My reflections as the president of a Modern Orthodox synagogue in Milwaukee.
The world around us continues to be driven by the devastation resulting from the COVID-19, both in terms of illness and death, as well as economic instability.
The past several weeks have also seen demonstrations around the nation following the murder of George Floyd. This outcry for racial harmony will hopefully lead to a new era of “liberty and justice for all.” Unfortunately, these protests may lead to a potential surge in COVID-19 cases.
More positively, the first half of June saw a decrease in new cases of COVID-19 in Wisconsin and expanded testing for the disease. This led to varied stages of “reopening.” However, it is not time to decrease one’s vigilance about hand washing, use of hand sanitizer, wearing a mask in public, maintaining social distancing and protecting our friends and family who have risk factors for the disease.
As a physician, I am greatly concerned with current data showing that COVID-19 cases are starting to spike in 22 states (most of which reopened with minimal restrictions before May 15). This is not the feared “second wave” of disease, which is still anticipated in the fall coincident with seasonal influenza, but rather an extension of the initial wave of COVID-19 that is spreading in direct response to the abandonment of the safer-at-home policies. I am concerned with our current conundrum that pits the cost of reopening (measured in illnesses and deaths) against the imposition of new, enforceable limits on reopening (measured in limitations of personal freedom and economic hardship). I believe we should always continue to stand clearly and unabashedly on the side of preservation of life (pikuach nefesh).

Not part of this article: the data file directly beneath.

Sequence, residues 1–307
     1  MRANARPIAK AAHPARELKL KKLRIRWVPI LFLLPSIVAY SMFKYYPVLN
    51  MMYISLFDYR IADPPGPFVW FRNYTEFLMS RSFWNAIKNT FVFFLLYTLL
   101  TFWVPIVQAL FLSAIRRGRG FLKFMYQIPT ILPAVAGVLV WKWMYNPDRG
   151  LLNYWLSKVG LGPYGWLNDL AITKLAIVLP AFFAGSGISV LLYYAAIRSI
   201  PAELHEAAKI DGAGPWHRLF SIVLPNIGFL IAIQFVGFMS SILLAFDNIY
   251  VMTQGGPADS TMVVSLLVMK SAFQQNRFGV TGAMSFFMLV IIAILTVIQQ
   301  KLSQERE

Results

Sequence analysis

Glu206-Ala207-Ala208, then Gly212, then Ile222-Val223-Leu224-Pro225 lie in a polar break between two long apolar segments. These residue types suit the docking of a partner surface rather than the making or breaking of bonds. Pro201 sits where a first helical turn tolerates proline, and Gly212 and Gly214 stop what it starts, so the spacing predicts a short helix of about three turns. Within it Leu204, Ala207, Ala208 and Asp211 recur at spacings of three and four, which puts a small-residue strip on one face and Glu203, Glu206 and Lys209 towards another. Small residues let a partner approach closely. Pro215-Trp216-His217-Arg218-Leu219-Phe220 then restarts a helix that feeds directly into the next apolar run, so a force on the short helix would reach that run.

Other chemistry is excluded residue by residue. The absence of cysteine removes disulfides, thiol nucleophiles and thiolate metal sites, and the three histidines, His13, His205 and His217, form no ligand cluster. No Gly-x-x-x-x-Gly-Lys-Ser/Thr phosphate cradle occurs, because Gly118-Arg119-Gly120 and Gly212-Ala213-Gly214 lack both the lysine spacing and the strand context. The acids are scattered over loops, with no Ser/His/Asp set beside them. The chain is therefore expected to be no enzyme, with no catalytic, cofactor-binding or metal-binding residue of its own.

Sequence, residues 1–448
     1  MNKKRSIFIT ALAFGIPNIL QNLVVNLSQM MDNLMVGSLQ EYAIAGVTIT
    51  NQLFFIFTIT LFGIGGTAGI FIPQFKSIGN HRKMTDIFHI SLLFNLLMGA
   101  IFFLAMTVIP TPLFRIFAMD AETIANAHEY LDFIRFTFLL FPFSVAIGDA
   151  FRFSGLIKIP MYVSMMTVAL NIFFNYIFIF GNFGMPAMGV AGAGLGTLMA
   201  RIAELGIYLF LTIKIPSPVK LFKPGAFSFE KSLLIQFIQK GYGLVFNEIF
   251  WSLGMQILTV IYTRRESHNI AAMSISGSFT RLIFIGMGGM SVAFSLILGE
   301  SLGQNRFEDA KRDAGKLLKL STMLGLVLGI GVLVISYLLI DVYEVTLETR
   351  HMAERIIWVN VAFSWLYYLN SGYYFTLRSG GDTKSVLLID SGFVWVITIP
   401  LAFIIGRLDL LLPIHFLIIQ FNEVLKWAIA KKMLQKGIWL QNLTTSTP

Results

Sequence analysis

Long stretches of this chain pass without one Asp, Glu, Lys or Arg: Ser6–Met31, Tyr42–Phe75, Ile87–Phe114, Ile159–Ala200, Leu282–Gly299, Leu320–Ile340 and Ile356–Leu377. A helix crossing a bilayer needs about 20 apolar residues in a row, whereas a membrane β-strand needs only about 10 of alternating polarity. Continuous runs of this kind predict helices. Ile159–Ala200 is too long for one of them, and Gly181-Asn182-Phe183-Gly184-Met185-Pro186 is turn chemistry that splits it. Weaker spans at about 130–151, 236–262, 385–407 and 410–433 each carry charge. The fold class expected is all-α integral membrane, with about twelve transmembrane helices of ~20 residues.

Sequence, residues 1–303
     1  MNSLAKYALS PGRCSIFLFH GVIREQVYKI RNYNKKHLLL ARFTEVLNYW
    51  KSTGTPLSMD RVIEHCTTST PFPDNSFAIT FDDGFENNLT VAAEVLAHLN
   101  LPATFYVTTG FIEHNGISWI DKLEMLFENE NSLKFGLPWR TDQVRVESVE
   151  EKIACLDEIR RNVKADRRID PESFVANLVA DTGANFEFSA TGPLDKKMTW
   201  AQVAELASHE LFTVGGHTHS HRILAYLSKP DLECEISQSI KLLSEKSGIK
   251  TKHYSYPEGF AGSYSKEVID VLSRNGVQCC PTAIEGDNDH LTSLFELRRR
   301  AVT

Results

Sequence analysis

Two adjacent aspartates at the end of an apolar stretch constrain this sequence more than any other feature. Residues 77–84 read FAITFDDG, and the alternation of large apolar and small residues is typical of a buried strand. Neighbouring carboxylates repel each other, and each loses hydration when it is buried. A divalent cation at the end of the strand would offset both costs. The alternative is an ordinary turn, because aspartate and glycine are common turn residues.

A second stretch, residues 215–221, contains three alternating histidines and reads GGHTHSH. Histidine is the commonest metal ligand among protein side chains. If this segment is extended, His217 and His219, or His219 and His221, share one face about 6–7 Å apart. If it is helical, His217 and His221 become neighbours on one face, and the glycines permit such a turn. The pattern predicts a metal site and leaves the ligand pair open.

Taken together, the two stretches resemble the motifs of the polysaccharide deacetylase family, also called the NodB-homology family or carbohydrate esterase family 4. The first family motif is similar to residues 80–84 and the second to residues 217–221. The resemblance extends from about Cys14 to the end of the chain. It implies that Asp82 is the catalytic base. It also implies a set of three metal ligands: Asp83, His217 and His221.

With this in mind, I am concerned about the planned reopening of all University of Wisconsin regional campuses this summer and fall, which includes University of Wisconsin – Milwaukee, which is adjacent to my congregation, Lake Park Synagogue. The leadership of the UW system, which has lost over $100 million with the total disruption of campus life this spring and the move to online learning, has reportedly decided that of UW must open “for the good of the students.” The Chancellors at each campus, however, do not have to share dorm rooms or bathrooms, stand in line for food, or closely interact with housekeeping personnel and then return home at Thanksgiving to be with family (who may be at increased risk of infection).
My question as president of LPS is: when we will resume regular services in person? We cannot Zoom virtual shabbat services, and our outdoor space is not adequate for services with appropriate social distancing. For the immediate future, we will not be reopening, and will continue to follow the well-developed guidelines of the Orthodox Union and Rabbinical Council of America. Instead, we have invested our time and energy into our dynamic weekly Zoom calendar. This includes Rabbi Joel Dinin’s insightful classes on Tuesdays and Thursdays, and a Wednesday interactive “Conversations with Congregants.” These events continue to be complemented by the Rabbi’s personal phone calls to each member of the congregation.
Our congregation misses our communal prayers and social contacts. However, through our efforts during this difficult time, we remain a strong community.
Ellis D. Avner, MD, retired in 2015 as emeritus professor of Pediatrics and Physiology at the Medical College of Wisconsin, and attending physician and director, Multidisciplinary Program for Childhood Polycystic Kidney Disease in the Division of Nephrology at the Children’s Hospital Health System of Wisconsin.